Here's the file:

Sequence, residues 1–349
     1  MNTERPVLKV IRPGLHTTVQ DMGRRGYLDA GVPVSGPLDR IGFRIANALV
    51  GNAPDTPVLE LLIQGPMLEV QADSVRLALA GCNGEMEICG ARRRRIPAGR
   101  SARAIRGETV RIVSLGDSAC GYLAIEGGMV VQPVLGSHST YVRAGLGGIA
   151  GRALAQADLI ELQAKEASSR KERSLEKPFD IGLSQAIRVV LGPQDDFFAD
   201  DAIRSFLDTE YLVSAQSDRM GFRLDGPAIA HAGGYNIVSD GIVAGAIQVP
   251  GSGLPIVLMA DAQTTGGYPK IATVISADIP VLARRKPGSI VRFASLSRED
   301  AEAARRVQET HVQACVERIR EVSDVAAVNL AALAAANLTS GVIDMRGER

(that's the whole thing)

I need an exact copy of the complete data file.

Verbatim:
Sequence, residues 1–349
     1  MNTERPVLKV IRPGLHTTVQ DMGRRGYLDA GVPVSGPLDR IGFRIANALV
    51  GNAPDTPVLE LLIQGPMLEV QADSVRLALA GCNGEMEICG ARRRRIPAGR
   101  SARAIRGETV RIVSLGDSAC GYLAIEGGMV VQPVLGSHST YVRAGLGGIA
   151  GRALAQADLI ELQAKEASSR KERSLEKPFD IGLSQAIRVV LGPQDDFFAD
   201  DAIRSFLDTE YLVSAQSDRM GFRLDGPAIA HAGGYNIVSD GIVAGAIQVP
   251  GSGLPIVLMA DAQTTGGYPK IATVISADIP VLARRKPGSI VRFASLSRED
   301  AEAARRVQET HVQACVERIR EVSDVAAVNL AALAAANLTS GVIDMRGER